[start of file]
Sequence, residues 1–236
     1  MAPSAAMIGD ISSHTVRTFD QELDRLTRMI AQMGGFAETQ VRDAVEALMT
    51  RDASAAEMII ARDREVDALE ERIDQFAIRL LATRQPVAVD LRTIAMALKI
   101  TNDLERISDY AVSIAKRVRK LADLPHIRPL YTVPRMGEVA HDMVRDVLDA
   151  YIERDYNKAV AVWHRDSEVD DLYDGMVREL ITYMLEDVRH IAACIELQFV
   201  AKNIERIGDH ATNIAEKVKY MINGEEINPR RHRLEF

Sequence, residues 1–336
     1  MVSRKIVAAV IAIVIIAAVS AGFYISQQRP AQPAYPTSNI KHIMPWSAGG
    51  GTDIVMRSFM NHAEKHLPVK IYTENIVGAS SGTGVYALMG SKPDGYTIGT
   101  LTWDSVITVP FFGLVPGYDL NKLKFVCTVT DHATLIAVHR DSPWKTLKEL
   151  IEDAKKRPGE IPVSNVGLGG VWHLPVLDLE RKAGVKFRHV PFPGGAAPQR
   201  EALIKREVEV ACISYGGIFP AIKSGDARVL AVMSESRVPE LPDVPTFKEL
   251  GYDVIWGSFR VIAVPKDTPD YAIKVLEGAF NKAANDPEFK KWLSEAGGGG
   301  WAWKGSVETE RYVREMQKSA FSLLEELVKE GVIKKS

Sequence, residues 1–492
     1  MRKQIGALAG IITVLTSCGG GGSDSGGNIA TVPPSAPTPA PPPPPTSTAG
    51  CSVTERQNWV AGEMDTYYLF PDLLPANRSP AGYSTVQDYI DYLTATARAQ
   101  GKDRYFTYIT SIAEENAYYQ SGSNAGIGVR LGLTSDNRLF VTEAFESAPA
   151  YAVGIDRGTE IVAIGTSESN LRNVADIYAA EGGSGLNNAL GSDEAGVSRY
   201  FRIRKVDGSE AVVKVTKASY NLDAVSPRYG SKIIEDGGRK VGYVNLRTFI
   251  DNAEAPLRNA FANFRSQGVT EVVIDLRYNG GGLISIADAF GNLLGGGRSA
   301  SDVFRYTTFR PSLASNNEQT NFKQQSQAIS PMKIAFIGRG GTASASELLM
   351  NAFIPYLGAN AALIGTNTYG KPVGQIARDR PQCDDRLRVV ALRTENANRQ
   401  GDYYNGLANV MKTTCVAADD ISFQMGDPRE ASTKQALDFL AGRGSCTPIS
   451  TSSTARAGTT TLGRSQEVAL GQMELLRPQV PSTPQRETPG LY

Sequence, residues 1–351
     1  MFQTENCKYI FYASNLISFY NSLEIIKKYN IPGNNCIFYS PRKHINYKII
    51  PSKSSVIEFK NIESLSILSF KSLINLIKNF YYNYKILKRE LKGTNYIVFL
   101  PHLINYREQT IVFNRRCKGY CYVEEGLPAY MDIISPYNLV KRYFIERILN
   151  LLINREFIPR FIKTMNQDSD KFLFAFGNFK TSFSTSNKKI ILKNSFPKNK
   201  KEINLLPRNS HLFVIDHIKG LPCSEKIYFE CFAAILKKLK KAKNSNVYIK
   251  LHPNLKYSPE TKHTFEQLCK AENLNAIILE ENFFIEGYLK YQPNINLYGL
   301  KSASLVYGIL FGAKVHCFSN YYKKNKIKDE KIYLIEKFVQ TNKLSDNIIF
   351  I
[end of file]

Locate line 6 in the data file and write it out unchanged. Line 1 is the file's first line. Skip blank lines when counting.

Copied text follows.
   201  AKNIERIGDH ATNIAEKVKY MINGEEINPR RHRLEF